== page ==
This miracle was wrought by the Lord in a similar manner to that of the production of manna in the wilderness, namely, by the extraordinary and sudden conversion of spiritual food into natural food, the multitude who were present not being at all aware of the circumstance during the time of their repast, but astonished beyond measure when they came to reflect upon it afterwards. By miracles of this description the Lord has made it fully manifest that He is both the Creator and Preserver of man. See A. C. 5291. Ap. Ex. 430, 548, 017.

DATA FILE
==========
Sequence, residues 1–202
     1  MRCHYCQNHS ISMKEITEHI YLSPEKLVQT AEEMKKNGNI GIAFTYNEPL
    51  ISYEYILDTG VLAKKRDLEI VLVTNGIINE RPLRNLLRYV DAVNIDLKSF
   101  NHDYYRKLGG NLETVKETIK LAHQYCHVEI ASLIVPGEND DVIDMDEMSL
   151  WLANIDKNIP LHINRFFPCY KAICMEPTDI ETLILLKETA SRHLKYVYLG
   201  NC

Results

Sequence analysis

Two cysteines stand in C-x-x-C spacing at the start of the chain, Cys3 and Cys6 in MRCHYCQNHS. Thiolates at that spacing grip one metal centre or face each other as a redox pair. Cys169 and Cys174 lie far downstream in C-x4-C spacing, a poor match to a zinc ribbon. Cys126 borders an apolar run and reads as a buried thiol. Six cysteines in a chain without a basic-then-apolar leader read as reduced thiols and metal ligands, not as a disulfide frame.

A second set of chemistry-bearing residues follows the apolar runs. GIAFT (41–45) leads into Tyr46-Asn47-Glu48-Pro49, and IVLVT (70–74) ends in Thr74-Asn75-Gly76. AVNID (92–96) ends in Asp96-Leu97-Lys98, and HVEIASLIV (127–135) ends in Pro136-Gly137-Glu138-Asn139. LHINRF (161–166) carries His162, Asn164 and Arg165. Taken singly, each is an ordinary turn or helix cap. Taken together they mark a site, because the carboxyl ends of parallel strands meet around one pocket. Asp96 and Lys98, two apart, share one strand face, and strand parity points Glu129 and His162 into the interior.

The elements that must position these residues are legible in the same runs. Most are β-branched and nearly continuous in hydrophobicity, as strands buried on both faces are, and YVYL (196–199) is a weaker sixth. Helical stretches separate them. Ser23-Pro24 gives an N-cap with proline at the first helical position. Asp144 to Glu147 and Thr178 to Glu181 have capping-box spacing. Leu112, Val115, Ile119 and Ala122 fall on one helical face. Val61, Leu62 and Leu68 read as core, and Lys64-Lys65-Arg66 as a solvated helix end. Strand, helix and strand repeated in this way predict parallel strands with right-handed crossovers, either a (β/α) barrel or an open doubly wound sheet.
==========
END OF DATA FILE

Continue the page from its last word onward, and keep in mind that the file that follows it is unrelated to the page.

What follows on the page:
(8.) Luke xii. 6. "Are not Jive sparrows sold for two farthings, and not one of them is forgotten before God?" Five sparrows here evidently denote what is of little value or estimation in comparison with man. Birds in general denote things intellectual, or things relating to the understanding in man, such as thoughts, ideas, reasonings, principles, intentions, truths, or falsities, according to the nature of the subject treated of. Birds of a higher order, as eagles, represent thoughts formed on rational principles, and consequently of an interior quality; but birds of an inferior order, such as sparrows, etc., represent thoughts of a trifling and external character, or such as occupy the lower region of the mind. Hence the Lord, when speaking of his divine providence over everything relating to man, assures his disciples, that the least as wrell as the greatest things in and about Him are under his immediate notice and regard. This is expressed as usual by such objects in nature as correspond to, and are significative of, those things in man which are of the lowest consideration, namely, sparrows, which are said not to be forgotten by God, and in ver. 7, the very hairs of the head, which are said to be all numbered. See A. C. 5096, 5149. A. R. 757, 837. Ap. Ex. 453, 548. T. C. R. 42.